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Sumer GoshaIn and ors. Vs. State - Court Judgment

LegalCrystal Citation
SubjectCriminal
CourtAllahabad High Court
Decided On
Case NumberCriminal Revn. No. 1536 of 1950
Judge
Reported inAIR1952All560
ActsCode of Criminal Procedure (CrPC) , 1898 - Sections 190(1) and 195(1); Indian Penal Code (IPC) - Sections 188
AppellantSumer GoshaIn and ors.
RespondentState
Appellant AdvocateS.N. Misra, Adv.
Respondent AdvocateH.N. Seth, A.G.A.
DispositionRevision allowed
Excerpt:
criminal - trial without magistrate complaint - section 188 of indian penal code, 1860 and sections 190 and 195 of criminal procedure code, 1898 - cognizance of offence on complaint in writing of public servant - police can arrest without warrant and make investigation - provision of section 195 remain intact - no jurisdiction to try offence merely on report of police - held, revision allowed. - - dated 18-1-1949. so the police investigated into the offence committed by the applicants and being satisfied that they had committed it made a report direct to the trial court and the trial court took cognizance. when the police upon investigation found that the applicants bad committed the offence they should have reported the matter to the magistrate whose order had been disobeyed and asked..........nothing to do with the question whether the offenees are cognizable or not. the only incidents of cognizable offences are that the police can arrest without a warrant and can investigate without an order of a magistrate. so when the offence of section 188, penal code was made cognizable by government, it only meant that the police could arrest a person alleged to guilty of that offence without a warrant and make an investigation into the offence. it certainly did not have any other effect; it did not affect the provisions of section 195 (1) (a), criminal p. c. which remain intact. whether the offence is cognizable or not, no court can take cognizance of it except on the complaint of the public servant concerned. the trial court had, therefore, no jurisdiction to take cognizance of the.....
Judgment:
ORDER

Desai, J.

1. The applicants convicted under Section 188, Penal Code for disobeying an order passed by a Magistrate under Section 145 (6), challenge the conviction on the ground that no complaint was made by the Magistrate concerned for their prosecution. It is true that the Magistrate whose order under Section 145 (6) was disobeyed by the applicants has made no complaint of the offence against them. The trial Court took cognizance of the offence on a report of the police to the effect that the applicants had committed the offence. The offence of Section 188, Penal Code has been made cognizable under Home Department Notification No, 1609/ VIII B.U.O. dated 18-1-1949. So the police investigated into the offence committed by the applicants and being satisfied that they had committed it made a report direct to the trial Court and the trial Court took cognizance.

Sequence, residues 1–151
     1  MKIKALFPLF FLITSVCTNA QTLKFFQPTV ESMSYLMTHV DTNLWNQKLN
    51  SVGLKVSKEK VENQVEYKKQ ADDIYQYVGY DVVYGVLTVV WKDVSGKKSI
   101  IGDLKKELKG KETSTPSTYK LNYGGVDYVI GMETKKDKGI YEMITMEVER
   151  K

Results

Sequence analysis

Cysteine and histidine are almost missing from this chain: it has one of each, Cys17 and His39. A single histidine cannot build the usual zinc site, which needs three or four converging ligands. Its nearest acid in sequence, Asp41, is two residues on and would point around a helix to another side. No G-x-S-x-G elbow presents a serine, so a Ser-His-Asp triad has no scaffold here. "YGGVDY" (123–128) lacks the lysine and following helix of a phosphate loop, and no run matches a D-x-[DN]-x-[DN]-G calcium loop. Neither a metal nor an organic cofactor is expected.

2. Section 190 of the Coda which lays down that a Magistrate can take cognizance of an offence on a complaint or a report of a police officer, or own information is subject to the provisions of Section 195(1)(a) which lays down that he cannot take cognizance of an offence under Section 188, Penal Code, except on the complaint in writing of the public servant concerned. These provisions about the cognizance to be taken by a Magistrate have nothing to do with the question whether the offenees are cognizable or not. The only incidents of cognizable offences are that the police can arrest without a warrant and can investigate without an order of a Magistrate. So when the offence of Section 188, Penal Code was made cognizable by Government, it only meant that the police could arrest a person alleged to guilty of that offence without a warrant and make an investigation into the offence. It certainly did not have any other effect; it did not affect the provisions of Section 195 (1) (a), Criminal P. C. which remain intact. Whether the offence is cognizable or not, no Court can take cognizance of it except on the complaint of the public servant concerned. The trial Court had, therefore, no jurisdiction to take cognizance of the offence committed by the applicants on the report of the police. When the police upon investigation found that the applicants bad committed the offence they should have reported the matter to the Magistrate whose order had been disobeyed and asked him to make the complaint.

3. As the trial Court had no jurisdiction to take cognizance of this offence, the trial is invalid. I, therefore, allow this application, set aside the applicants' conviction and sentences and acquit them. If they have paid the fine it should be refunded to them.


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